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Pound Sterling was seen under fresh selling pressure against the Euro, U.S. Dollar and other major currencies following fresh survey data that suggests the UK economy is undergoing a rapid slowdown as it passes through the mid-year mark.
UK Construction PMI for June suggests the country's construction sector has fallen deeper into contraction territory.
The reading of 43.1 is sharply down on the previous month's reading of 48.6, and well below analyst expectations for a reading of 49.3 to be delivered.
Indeed, June 2019 will represent the worst Construction PMI in ten years.
"June data revealed a sharp loss of momentum for the UK construction sector, with business activity and incoming new work both falling at the fastest pace for just over 10 years," reads a statement from IHS Markit, compilers of the report. "The slide in construction demand was mainly attributed by survey respondents to risk aversion among clients in response to heightened political and economic uncertainty."
The disappointing construction sector numbers come a day after the Manufacturing PMI confirmed the manufacturing sector of the UK economy is also in contractionary territory.
Both hint at a disappointing reading from the headline Services PMI due out Wednesday.
"All eyes are on the services figure tomorrow, with a dire future for an already beleaguered Pound in store should this vital figure turn southwards," says Chris Beauchamp, Chief Market Analyst at IG. "Oddly enough, the Bank of England continues to mention a rate hike as if this was some kind of option for an economy facing serious headwinds, but perhaps the latest deterioration, plus the general dovish shift from other central banks, will be enough to finally put the idea to rest."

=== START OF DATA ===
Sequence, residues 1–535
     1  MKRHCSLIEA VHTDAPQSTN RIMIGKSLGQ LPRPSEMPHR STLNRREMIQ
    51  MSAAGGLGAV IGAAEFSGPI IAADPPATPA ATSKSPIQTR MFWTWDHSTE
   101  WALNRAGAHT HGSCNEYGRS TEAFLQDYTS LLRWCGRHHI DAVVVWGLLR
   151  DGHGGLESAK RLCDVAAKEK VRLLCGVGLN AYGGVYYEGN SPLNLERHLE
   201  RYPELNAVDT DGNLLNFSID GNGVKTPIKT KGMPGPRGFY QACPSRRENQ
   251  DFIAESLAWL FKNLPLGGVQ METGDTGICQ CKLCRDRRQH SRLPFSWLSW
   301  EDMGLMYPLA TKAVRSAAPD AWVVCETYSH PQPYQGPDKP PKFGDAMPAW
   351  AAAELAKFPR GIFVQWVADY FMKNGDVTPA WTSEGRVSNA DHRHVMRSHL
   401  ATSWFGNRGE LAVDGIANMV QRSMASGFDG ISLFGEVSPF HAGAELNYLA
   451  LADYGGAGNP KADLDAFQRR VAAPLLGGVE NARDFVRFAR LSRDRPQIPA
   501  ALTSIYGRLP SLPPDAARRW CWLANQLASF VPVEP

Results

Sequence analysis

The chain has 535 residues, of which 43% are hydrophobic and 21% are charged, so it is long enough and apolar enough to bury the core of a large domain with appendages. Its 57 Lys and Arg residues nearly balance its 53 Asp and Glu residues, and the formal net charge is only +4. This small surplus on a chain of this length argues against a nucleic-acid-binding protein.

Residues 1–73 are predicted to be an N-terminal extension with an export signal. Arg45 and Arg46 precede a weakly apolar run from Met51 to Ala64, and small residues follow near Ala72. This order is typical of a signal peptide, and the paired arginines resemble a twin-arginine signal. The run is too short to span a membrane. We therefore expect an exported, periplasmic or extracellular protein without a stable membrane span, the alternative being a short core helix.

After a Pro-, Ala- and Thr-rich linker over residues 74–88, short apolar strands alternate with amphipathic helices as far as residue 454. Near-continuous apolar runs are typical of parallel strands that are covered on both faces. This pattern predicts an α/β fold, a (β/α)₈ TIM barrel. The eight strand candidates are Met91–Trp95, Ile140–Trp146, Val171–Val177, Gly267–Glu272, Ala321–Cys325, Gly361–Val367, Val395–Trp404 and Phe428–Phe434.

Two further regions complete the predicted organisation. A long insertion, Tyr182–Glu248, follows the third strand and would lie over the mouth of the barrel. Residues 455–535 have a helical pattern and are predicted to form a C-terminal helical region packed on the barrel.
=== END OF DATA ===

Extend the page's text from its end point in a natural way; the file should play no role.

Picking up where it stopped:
Sterling has seen steady selling pressure against the Euro since mid-morning when the Construction PMI was released
Looking at the Construction PMI in more detail, IHS Markit say a fall in house building was the largest reported for three years, which construction companies linked to weaker demand conditions and concerns about the outlook for residential sales.
Commercial work fell for the sixth consecutive month and remained the worst performing area of construction activity.
The latest reduction in work on commercial building projects was the steepest since December 2009.
"The pain of Brexit indecision was felt across all three sub-sectors but the previously resilient housing sector suffered the fastest drop in three years which is frankly worrying news," says Duncan Brock, Group Director at the Chartered Institute of Procurement & Supply, who sponsor the PMI report.
"Greater risk aversion has now spread to the residential building sub-sector, as concerns about the near-term demand outlook contributed to a reduction in housing activity for the first time in 17 months," says Tim Moore, Associate Director at IHS Markit.
Image courtesy of Pantheon Macroeconomics
"The plunge in the construction PMI to its lowest level since April 2009 is a worrying sign that the damage wrought by Brexit uncertainty is building," says Samuel Tombs, Chief U.K. Economist at Pantheon Macroeconomics. "Many clients also reportedly have scoped out projects, but are waiting until political uncertainty subsides. So if, as we still expect, the Brexit deadline is pushed back again in October, the construction sector should experience a quick recovery around the turn of the year."
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